A prototype LED (light-emitting diode) that emits a warm white light, closer to a sunset glow than a harsh midday light, has been devised by US scientists.
Light bulbs based on LEDs use far less electricity than old incandescent bulbs. But they can be expensive and dispense a cool, bluish light.
Most commercial white LEDs are currently made by combining a blue LED chip with a yellow phosphor called YAG:Ce. However, the new prototype is the first LED to emit a warm white light using a single light emitting material, a yellow phosphor or luminescent compound based on europium, and a single illumination centre, the LED (Light: Science & Applications, doi:10.1038/lsa.2013.6).
Lead author Zhengwei Pan, physicist at the University of Georgia, US, says that ‘household light should be the first application.’
Warm white LEDs can be made using a single phosphor with a number of emitting centres; another strategy is to combine a number of different colour phosphors, but this can be technically difficult and is costly. ‘Cool white LEDs are cheaper than warm whites,’ explains Vrinda Bhandarkar, LED market analyst at Strategies Unlimited in California, US. ‘There is lots of research into getting warm light. People want warm white lights in the houses and restaurants,’ Bhandarkar explains. ‘But people do not want warm white for offices. There you want cooler white light.’
The prototype uses a blue LED that on its own gives a cool bluish light, but by adding a coating of the new yellow phosphor on top of this LED, the cool blue light is joined by yellowish light emitted by the phosphor coating. The result is a warmer tone to the light, though the phosphor causes some efficiency loss.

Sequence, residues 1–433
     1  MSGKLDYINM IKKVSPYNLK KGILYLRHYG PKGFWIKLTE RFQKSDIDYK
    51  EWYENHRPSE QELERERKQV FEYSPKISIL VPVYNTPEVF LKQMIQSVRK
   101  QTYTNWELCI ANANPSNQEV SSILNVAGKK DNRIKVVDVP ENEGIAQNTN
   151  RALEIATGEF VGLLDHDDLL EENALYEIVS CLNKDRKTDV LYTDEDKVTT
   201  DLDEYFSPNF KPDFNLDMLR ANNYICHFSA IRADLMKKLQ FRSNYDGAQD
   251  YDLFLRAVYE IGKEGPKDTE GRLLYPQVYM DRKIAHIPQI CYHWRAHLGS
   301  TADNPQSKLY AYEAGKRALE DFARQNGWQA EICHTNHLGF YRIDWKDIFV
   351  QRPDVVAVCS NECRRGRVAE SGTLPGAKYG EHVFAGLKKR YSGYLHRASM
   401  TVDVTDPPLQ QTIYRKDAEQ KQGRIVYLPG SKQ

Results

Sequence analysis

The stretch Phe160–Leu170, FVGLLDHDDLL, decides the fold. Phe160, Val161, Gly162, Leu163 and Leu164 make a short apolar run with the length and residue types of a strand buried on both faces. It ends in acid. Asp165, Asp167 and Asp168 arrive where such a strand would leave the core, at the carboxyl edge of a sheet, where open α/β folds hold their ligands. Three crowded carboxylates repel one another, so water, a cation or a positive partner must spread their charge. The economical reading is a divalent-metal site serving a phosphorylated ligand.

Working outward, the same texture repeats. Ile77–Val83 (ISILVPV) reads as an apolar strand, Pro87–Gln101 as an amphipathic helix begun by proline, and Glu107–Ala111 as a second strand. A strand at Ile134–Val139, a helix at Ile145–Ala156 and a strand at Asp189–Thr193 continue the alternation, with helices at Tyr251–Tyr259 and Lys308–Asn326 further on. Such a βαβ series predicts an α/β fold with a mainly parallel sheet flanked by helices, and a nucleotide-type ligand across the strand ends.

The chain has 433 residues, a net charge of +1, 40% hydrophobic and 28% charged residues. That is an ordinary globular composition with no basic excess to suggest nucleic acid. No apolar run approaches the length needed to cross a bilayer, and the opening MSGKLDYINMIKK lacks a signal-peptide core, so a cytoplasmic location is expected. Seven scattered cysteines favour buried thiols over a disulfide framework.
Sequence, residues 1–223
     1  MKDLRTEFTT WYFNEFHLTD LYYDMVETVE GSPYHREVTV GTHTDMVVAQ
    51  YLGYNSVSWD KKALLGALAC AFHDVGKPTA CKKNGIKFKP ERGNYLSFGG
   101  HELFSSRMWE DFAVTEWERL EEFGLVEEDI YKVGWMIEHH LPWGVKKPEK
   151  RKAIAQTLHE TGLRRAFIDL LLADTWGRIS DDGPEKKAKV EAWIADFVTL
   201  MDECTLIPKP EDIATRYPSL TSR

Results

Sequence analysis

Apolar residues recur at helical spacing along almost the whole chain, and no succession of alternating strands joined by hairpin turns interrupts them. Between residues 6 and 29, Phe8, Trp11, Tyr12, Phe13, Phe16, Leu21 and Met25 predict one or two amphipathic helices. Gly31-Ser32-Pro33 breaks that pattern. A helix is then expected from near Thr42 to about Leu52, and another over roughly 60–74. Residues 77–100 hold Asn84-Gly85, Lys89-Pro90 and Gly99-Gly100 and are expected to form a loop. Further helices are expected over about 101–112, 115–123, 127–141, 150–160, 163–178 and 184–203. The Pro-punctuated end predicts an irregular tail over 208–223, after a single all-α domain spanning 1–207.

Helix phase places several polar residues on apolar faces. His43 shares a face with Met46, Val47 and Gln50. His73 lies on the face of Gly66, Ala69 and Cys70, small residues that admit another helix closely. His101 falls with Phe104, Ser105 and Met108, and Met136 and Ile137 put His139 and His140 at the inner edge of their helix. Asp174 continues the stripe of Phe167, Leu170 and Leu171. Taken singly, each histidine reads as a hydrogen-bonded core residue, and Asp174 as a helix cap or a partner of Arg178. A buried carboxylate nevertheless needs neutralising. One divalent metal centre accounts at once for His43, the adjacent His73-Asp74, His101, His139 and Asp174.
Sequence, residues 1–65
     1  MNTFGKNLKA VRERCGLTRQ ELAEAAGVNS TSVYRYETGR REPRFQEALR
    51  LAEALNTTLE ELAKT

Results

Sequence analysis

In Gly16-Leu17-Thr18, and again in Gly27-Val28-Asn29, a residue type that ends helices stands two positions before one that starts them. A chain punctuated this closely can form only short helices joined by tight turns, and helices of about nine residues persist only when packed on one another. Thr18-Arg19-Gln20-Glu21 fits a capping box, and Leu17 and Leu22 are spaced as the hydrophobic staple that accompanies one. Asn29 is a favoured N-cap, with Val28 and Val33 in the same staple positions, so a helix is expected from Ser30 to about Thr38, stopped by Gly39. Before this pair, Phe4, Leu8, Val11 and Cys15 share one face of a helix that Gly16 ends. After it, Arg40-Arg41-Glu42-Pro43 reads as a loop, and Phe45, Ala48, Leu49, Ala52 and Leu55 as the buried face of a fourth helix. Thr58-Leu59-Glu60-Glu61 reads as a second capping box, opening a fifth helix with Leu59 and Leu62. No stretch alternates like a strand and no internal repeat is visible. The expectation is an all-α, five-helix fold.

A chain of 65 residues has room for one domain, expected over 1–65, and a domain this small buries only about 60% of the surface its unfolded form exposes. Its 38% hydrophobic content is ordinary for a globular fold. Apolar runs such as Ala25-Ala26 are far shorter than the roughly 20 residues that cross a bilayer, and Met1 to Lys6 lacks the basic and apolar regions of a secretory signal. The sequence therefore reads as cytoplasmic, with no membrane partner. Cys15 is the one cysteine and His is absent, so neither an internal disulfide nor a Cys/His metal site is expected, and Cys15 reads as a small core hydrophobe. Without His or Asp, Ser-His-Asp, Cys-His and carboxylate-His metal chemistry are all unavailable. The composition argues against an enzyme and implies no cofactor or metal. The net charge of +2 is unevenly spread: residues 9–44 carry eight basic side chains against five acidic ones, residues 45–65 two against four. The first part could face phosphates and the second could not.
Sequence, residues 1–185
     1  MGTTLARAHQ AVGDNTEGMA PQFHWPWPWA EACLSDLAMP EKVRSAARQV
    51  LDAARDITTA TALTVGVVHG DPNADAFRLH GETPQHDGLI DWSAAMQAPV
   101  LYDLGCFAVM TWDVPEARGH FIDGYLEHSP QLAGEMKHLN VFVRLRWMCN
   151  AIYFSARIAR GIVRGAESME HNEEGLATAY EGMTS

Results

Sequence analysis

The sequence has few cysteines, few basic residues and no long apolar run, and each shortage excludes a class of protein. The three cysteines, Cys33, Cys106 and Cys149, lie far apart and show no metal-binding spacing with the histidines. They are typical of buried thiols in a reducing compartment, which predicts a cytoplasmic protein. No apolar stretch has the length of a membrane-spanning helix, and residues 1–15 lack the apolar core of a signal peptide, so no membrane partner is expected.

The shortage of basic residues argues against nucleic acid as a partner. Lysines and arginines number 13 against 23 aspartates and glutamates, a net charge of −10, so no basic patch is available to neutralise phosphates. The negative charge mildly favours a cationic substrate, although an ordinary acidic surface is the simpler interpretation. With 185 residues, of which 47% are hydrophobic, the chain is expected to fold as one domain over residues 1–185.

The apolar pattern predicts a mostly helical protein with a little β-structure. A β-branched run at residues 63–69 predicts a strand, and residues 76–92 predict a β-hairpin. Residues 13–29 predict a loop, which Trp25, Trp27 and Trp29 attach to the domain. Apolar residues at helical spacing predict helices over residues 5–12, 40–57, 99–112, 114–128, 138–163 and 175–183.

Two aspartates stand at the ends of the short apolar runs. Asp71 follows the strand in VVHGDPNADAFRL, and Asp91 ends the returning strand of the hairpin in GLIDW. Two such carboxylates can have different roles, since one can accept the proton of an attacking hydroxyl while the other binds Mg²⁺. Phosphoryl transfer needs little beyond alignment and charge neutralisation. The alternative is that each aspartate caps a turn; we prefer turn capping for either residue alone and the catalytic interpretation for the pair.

‘My overall impression is that there is novelty, but the relatively low efficiency might be a stumbling block to commercialisation,’ comments LED researcher Pleunn Maaskant at the Tyndall National Institute in Cork, Ireland, adding that: ‘The main shortcoming is the relatively low efficiency of the phosphor (quantum efficiency ~30%) versus an efficiency of 75% for present commercially used phosphors.’
Some retailers forecast that LED technology will emerge as the most popular light technology over the next four to five years. Compact fluorescent bulbs, an alternative technology, are seen by many as slow to warm up with a harsher quality of light. Japan has the highest uptake of LEDs among households in the world, Bhandarkar says. ‘Japanese people have been buying [LED] ceiling lights, which have colour tunability. So they can have the light bright when the kids are doing homework and then tune the colour down in the evening time,’ she explains.